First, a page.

Brandeis has named Edward J. Hackett—a professor at the School of Human Evolution and Social Change at Arizona State University since 2005 and editor of the “Science, Technology & Human Values” journal—as the new vice provost for research. A career scholar of sociology and social change, Hackett earned his Ph.D. in sociology from Cornell. First announced for the position in June of 2015, Hackett has been working part time in the position since the beginning of August and will transfer to a full-time position on Jan. 1, 2016.
As the vice provost for research, Hackett works in close proximity with Brandeis’ academic deans and department heads, in order to enhance “significant” research done at the university. “The high-level responsibility is to promote inquiry,” Hackett said in an interview with The Brandeis Hoot. “That, and promoting inquiry that is specific to Brandeis, which is inquiry that engages pressing issues and publics and involves learning at all levels.” Some specific duties are still decided as the school year begins, Hackett said. “But because mine is a relatively new position, I can feel it out more and figure out what I am going to do in the long run,” he added.
“Advancing the scope and visibility of our research enterprise is a vital part of Brandeis’ mission as a research university,” Brandeis Interim Provost and Senior Vice President for Academic Affairs Irving R. Epstein told Brandeis Now in June.
Hackett was drawn to Brandeis because of his academic background and interests. “[Brandeis] lives at the intersection of what I am most interested in: learning, education and engagement with social publics,” he said. “And Brandeis, unlike any other university I can think of, marries high-end research and education across all levels and infuses it with a real commitment to social justice … I think that is exactly what education ought to be.”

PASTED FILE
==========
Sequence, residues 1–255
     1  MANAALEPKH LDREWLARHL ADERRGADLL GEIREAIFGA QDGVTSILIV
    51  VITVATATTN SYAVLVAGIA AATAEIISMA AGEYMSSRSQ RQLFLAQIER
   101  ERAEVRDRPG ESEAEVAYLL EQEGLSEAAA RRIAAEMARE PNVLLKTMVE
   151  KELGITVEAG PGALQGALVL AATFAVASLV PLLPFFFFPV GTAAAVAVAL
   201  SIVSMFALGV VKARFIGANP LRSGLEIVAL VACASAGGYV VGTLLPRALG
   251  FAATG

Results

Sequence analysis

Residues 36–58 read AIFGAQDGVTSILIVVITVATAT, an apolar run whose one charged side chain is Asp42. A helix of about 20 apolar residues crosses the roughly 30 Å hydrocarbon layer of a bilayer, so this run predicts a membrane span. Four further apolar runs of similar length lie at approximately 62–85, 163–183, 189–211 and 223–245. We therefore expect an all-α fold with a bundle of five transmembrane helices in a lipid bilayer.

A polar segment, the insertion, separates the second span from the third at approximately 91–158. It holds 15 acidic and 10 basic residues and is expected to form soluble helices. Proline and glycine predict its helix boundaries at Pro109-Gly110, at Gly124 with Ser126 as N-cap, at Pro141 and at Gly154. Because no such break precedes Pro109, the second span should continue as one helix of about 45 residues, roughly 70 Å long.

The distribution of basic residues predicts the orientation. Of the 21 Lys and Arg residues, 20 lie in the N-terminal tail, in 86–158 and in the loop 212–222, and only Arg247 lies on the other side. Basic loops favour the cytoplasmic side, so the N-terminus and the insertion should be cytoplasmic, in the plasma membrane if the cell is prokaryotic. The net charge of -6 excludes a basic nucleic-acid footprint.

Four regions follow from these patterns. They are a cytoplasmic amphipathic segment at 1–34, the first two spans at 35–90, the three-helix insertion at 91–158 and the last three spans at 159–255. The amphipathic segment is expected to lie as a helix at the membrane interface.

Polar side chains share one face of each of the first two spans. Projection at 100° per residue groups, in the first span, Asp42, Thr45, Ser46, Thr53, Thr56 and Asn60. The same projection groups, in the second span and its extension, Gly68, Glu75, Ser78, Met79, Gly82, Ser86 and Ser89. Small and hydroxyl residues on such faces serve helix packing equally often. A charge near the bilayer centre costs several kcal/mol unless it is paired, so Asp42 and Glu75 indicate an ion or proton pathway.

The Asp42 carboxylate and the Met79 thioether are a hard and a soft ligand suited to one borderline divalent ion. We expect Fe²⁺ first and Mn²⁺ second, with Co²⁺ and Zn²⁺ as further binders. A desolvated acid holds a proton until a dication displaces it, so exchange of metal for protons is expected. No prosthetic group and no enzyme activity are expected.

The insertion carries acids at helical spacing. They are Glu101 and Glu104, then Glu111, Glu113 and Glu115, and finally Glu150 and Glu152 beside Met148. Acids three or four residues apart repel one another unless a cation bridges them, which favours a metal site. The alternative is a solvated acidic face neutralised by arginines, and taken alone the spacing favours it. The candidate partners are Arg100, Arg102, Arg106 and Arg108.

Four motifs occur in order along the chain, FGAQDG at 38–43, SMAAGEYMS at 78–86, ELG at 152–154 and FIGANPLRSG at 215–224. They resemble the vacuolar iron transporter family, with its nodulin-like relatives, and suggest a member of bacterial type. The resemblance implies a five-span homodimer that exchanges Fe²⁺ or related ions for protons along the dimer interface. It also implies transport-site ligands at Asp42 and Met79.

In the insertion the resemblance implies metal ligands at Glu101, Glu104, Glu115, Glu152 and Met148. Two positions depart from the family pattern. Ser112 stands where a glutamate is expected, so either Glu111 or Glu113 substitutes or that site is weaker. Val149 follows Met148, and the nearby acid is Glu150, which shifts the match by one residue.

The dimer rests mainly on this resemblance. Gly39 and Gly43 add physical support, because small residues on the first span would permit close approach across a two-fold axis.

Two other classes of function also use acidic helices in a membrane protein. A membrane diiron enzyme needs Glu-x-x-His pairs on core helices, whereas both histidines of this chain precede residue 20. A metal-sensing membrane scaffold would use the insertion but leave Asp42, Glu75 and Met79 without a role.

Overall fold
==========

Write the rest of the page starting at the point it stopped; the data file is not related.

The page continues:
Before coming to Brandeis, Hackett made his name in social circles through his work in sociology. Hackett is particularly interested in “synthesis,” a field of sociological study that focuses on how communities live and work in synthesis with one another, similar to a natural ecosystem. This intersectional study allows behavior to be studied and categorized at a higher scale, according to Hackett.
Hackett is also interested in teaching at Brandeis, possibly at the Heller School. “There are two proposed courses I have been thinking about: one about technology and society and how the two have evolved in a parallel way,” Hackett said. “The other I’d like to teach, that’s sort of my signature course, is about equity and sustainability, which I have taught for the past six or seven years at ASU.” This course examines the intersection and reconciliation of human development and new global equity movements, he said. Hackett expressed excitement for the possibilities brought from working at Brandeis and is looking forward to meeting and interacting with the Brandeis community.